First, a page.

Understanding of Extinction Begins with the Elephant

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Health Editor’s Note: Humans must stop killing elephants. We need nothing of what they have to enhance our lives.  Elephants should be able to have areas in which to live, roam, raise young….We do not need to use every inhabitable inch of the earth for human consumption and habitation….Carol

What Elephants Teach Us About Consumption and Extinction

by Rachael Lallensack/Smithsonian.com

In a way, our modern understanding of extinction starts with the elephant.

It was while studying fossilized teeth of two different elephant ancestors, the mammoth and the mastodon, that scientists first became aware of the fact that species could die out and become forever extinct. In 1796, French naturalist George Cuvier compared mastodon and mammoth tooth fossils to the teeth of modern African and Asian elephants, positing that the teeth belonged to species that were “lost” in the past. This was a bold, new revelation—one that stood in stark contrast to attitudes of the time. The massive consumption of ivory in the 1800s was unprecedented; with delicate fans, billiard balls, hair combs and ivory veneer piano keys being made of the tusks elephants use as tools for eating, drinking and breathing.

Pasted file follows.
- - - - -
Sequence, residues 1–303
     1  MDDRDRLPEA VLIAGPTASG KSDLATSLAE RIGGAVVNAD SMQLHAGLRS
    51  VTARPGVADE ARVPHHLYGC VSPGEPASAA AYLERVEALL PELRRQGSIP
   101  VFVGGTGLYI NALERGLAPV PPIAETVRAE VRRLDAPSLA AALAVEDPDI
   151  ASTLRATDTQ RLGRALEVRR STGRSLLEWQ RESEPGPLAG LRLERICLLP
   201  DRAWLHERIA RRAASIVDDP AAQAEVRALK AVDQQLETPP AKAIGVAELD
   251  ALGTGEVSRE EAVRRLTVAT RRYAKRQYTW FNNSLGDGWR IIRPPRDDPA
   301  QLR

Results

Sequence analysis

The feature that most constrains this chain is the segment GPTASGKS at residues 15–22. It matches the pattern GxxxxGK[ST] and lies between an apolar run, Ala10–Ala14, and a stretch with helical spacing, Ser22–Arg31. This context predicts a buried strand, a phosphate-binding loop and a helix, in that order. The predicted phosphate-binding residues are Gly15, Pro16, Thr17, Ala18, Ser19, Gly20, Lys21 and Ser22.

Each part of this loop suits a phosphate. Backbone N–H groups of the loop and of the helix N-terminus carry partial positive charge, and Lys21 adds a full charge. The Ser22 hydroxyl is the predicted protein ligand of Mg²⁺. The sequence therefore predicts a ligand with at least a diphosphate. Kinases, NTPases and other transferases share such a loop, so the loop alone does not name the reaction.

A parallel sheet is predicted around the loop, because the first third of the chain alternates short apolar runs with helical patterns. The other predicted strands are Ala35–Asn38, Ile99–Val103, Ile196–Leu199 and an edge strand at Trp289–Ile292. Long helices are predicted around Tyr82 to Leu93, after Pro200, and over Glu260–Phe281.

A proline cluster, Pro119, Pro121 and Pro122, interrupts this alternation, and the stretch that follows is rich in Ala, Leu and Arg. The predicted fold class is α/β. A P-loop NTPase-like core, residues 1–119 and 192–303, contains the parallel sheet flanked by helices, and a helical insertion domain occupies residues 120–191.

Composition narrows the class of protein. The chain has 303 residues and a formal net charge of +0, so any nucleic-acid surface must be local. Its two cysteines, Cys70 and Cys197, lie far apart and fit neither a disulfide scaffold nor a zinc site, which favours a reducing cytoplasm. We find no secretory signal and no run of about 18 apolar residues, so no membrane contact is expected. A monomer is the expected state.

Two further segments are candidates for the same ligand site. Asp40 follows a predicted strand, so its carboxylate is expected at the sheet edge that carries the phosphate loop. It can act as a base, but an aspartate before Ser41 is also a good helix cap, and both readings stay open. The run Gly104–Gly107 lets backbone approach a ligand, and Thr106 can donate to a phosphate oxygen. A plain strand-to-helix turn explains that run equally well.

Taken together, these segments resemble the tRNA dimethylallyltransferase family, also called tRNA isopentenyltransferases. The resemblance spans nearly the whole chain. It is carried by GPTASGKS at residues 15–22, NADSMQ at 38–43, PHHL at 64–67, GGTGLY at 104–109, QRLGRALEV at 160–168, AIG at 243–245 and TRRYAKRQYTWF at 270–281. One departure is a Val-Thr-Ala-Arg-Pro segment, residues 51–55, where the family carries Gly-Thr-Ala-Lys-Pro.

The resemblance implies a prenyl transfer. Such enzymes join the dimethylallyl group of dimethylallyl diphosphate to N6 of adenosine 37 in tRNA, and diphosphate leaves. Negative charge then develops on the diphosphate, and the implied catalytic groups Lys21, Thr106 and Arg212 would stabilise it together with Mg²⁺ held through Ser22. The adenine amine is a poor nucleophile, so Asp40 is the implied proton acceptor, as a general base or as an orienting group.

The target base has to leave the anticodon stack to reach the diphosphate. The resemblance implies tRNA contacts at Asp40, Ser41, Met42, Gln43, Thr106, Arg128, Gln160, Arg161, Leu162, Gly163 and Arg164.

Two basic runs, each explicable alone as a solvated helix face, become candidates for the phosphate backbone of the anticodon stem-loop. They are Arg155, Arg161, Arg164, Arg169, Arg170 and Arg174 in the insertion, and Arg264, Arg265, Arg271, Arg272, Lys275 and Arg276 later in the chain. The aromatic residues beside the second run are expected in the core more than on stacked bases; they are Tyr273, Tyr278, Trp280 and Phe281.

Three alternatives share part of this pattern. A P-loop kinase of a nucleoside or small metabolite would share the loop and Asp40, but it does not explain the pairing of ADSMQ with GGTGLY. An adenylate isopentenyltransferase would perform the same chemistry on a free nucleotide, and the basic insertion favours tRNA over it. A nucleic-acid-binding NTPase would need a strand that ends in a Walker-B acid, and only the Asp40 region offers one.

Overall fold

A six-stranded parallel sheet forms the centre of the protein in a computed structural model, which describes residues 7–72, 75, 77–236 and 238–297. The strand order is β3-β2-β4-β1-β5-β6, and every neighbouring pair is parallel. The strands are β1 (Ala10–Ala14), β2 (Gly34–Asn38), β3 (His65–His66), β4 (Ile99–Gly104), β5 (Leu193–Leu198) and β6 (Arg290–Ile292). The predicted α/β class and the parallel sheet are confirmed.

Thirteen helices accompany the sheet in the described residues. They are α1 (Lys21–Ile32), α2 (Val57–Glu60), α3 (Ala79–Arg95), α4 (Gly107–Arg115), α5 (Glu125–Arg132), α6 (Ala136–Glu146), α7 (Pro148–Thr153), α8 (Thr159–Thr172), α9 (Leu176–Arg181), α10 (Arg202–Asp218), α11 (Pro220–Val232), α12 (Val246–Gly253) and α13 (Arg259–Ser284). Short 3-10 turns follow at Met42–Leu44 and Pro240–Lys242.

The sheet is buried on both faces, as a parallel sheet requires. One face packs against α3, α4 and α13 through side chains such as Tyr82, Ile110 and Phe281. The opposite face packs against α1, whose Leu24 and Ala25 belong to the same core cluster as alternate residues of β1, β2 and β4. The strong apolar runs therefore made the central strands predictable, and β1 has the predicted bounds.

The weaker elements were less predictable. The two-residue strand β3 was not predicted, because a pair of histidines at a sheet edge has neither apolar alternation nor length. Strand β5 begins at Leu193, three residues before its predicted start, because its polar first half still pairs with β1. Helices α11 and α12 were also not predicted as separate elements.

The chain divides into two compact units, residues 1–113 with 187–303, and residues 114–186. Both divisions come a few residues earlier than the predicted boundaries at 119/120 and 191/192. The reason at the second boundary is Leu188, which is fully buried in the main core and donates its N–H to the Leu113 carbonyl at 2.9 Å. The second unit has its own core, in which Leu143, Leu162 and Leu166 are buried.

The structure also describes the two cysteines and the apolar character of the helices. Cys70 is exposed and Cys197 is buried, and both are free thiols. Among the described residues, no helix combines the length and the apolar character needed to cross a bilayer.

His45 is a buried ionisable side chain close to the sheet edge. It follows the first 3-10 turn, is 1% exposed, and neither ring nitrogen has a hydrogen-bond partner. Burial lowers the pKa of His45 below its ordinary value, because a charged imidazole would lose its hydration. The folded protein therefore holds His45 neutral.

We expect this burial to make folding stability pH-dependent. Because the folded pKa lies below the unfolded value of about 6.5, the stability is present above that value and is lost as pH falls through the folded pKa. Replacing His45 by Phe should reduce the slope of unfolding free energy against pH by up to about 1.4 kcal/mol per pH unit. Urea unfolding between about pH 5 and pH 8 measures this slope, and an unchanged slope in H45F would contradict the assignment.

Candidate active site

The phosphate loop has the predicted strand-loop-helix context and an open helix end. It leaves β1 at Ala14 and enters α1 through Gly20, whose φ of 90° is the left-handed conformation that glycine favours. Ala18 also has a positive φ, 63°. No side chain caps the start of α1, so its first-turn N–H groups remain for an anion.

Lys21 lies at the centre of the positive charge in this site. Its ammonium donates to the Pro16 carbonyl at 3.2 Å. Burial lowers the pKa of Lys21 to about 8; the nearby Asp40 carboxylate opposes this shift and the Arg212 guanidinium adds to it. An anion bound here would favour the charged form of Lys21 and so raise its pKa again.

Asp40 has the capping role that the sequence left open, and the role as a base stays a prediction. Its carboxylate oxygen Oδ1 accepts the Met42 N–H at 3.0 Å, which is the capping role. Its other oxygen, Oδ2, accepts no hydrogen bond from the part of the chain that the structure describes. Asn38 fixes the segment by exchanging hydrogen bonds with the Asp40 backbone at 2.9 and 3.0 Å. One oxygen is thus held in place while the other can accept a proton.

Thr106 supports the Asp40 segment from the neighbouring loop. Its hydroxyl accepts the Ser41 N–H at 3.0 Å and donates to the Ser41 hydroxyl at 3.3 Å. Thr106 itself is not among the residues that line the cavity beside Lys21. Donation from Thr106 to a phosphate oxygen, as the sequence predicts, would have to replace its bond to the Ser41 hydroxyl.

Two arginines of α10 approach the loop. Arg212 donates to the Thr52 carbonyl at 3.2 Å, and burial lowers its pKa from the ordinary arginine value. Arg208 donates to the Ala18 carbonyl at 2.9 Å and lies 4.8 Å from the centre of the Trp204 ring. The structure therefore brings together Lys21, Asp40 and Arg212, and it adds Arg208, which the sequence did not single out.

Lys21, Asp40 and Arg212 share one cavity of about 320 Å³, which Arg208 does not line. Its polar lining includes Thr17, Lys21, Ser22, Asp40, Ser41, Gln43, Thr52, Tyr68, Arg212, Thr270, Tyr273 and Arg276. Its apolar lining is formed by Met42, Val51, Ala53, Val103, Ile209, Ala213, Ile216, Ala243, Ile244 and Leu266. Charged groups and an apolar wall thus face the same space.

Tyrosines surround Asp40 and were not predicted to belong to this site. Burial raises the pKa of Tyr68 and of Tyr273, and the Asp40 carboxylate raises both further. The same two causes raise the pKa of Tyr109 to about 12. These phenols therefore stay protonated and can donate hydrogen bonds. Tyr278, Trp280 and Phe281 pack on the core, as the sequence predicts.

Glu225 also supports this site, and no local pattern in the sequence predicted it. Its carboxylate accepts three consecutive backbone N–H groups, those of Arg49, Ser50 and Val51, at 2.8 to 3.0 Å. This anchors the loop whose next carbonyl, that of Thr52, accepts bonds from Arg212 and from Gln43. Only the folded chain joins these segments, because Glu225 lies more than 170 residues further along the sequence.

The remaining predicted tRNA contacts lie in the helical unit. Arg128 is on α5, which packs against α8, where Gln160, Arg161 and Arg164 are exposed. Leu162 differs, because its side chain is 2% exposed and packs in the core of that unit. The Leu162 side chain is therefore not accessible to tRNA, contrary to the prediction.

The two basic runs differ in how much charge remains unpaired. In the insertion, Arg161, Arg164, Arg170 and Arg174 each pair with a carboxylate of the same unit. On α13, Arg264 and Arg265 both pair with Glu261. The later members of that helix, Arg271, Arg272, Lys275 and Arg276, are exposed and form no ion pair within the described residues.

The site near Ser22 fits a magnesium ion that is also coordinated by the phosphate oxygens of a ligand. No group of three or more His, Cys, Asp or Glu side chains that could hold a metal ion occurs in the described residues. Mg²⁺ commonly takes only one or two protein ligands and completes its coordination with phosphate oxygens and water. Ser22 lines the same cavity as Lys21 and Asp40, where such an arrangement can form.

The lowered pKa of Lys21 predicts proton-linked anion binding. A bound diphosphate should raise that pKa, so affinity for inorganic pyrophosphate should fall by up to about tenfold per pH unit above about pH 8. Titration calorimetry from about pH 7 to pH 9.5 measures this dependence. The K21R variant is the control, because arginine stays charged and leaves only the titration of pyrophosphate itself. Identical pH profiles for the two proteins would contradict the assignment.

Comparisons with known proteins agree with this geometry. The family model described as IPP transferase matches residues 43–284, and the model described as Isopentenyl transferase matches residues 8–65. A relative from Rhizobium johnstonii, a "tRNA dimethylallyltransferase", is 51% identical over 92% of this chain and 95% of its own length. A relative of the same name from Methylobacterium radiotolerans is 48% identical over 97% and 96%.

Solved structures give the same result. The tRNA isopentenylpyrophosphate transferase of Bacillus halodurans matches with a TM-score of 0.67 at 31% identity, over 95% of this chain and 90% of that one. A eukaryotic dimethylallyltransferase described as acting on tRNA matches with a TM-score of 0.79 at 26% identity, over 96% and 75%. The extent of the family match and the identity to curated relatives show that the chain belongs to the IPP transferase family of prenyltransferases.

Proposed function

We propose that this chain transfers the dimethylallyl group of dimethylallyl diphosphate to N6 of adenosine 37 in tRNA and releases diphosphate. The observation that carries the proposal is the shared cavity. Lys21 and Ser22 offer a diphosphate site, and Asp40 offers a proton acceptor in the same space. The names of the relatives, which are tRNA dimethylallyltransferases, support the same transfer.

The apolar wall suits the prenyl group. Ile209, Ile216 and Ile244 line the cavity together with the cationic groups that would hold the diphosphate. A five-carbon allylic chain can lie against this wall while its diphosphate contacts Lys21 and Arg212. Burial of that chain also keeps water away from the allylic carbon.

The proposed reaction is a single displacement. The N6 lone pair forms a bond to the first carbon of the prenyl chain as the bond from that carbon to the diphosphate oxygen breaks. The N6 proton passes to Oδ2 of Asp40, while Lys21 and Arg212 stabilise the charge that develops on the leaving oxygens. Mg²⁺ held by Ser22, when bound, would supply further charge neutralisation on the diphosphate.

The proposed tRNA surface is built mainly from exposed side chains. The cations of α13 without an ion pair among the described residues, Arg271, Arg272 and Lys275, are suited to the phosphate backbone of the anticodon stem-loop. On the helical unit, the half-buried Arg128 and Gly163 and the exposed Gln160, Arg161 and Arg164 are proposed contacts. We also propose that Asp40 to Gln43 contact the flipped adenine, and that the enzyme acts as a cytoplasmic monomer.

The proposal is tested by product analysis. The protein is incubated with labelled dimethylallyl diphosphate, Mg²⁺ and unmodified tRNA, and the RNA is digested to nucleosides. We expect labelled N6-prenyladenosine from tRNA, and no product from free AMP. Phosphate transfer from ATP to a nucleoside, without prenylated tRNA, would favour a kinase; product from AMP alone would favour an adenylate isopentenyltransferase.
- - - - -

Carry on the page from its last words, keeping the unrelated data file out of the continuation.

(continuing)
In a Connecticut newspaper, published the same year as Cuvier’s hypothesis, one observer wrote:

The Elephant is the largest, the strongest, the most sagacious, and the longest-lived of all brute creation. The species is numerous, does not decrease, and is dispersed over all of the southern parts of Asia and Africa.

Elephants were indeed seen as innumerous. By 1850, American manufacturers were killing the animals in droves. A billiard ball company boasted it had brought down 1,140 elephants.

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Biography
Carol graduated from Riverside White Cross School of Nursing in Columbus, Ohio and received her diploma as a registered nurse. She attended Bowling Green State University where she received a Bachelor of Arts Degree in History and Literature. She attended the University of Toledo, College of Nursing, and received a Master’s of Nursing Science Degree as an Educator.

She has traveled extensively, is a photographer, and writes on medical issues. Carol has three children RJ, Katherine, and Stephen – one daughter-in-law; Katie – two granddaughters; Isabella Marianna and Zoe Olivia – and one grandson, Alexander Paul. She also shares her life with husband Gordon Duff, many cats, and two rescue pups.

Carol’s Archives 2009-2013
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